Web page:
She sent me this one today, painfully cute?  I think sweet sister fits right in 🙂

3.  From Brandy:  So many things to say…they are more compassionate than I think they would have ever been without their little sisters. By opening their eyes to orphans, especially to special needs, it has allowed them to look beyond the end of their own nose. Their view on the world is different than their peers because they’ve been forced to see what really matters in life. I’ll never forget the time a young man with DS came up to me at the end of the Joni and Friends Family Retreat. He wanted to thank me for my 12-year-old son helping to take care of him and to let me know he did a good job. He wanted to make sure my son was coming back next year. To be honest, I don’t think my son even thought he was doing anything special. He was just doing what he knows…helping out no matter who you are. There is also the refining side of having their little sisters…my daughter with FASD is hard. As much as it would be easy to think that life would be so much easier if she wouldn’t have joined our family, her sandpaper-like qualities are smoothing out all the rough edges on all of us. My bio kids may be exasperated with her now and not see that smoothness being worked out in their character, but I believe that one day they will look back and realized that even that hard stuff shaped them into a better person. www.mommymap.net


3.  From the Walker Family:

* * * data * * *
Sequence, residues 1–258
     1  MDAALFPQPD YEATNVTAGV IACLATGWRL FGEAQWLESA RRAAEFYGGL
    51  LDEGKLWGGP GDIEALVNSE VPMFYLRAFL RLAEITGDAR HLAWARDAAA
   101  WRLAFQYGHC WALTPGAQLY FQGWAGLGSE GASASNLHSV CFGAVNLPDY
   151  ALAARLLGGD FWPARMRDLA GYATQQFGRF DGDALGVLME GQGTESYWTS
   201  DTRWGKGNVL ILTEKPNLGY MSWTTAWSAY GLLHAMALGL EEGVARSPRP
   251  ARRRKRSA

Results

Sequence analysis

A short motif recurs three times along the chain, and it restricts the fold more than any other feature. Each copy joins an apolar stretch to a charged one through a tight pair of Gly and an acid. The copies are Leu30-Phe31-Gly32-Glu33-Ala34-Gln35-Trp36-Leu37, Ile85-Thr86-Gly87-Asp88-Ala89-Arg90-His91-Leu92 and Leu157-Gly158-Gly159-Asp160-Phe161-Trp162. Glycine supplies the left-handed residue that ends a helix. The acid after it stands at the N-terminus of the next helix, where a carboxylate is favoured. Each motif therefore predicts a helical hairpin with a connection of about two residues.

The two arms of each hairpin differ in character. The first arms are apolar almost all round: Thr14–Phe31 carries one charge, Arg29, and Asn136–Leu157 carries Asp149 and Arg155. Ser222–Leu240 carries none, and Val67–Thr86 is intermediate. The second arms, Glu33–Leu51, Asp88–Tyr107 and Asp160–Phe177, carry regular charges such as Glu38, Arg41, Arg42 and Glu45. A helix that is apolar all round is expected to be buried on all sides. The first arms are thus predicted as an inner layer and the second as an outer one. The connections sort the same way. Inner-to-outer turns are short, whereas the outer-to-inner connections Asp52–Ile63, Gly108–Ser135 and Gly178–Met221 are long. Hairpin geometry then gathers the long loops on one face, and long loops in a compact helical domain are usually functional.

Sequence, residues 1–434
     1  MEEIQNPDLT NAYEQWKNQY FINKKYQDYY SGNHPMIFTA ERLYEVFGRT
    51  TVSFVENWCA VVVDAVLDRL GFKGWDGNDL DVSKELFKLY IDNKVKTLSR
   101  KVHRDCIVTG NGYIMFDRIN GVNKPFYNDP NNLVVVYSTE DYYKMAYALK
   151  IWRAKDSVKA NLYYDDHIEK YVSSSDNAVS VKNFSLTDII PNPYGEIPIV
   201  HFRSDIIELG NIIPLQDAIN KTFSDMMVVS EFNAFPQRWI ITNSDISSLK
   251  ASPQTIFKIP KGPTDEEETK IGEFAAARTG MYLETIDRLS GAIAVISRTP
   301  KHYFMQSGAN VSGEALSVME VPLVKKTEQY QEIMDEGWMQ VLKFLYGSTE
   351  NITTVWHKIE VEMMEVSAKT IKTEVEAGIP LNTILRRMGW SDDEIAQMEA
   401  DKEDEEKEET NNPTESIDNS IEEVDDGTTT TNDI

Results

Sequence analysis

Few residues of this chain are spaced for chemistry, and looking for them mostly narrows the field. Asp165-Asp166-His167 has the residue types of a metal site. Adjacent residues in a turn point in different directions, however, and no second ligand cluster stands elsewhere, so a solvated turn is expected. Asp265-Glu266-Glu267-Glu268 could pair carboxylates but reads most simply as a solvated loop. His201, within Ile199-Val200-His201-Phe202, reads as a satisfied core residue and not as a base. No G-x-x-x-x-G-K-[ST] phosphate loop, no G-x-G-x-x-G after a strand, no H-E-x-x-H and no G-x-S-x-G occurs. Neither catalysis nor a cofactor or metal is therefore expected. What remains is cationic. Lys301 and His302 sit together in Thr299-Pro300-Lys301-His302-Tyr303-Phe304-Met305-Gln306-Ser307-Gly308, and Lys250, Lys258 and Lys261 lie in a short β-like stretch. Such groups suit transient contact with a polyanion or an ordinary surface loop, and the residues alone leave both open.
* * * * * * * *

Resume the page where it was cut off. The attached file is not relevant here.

Our youngest was 6 and there was a 7 year gap between him and our next oldest child. I thought we would adopt someone close to his age to close the gap and so he wouldn’t feel so much like and only child with no one to play with. Initially it was the hardest on him to have Sasha, 7, join the family. He was used to be the only little one and he did not have to share attention or his belongings with anyone. I have to say that he has grown the most through the adoption and I have seen his heart go from struggle to find his new place in the family, to complete joy in having her as a best friend and new sister. He is a patient teacher, (he taught her to say her English alphabet the first week home and has continued to teach her everything he knows about everything!) This is a new role for him and he has grown into it beautifully! They are pretty much inseparable now, and Sasha thanks God in her prayers every night first, for Levi and then for her Mom and Dad, and I am totally okay with that!”


4.  These teen girls all have adopted siblings with Downs syndrome, and were so touched and transformed by their siblings and the experience of adoption, that they are working together to help more orphans!  Now those are some teen girls to be proud of, who have their hearts in the right spot, and are serving others, because their parents said yes.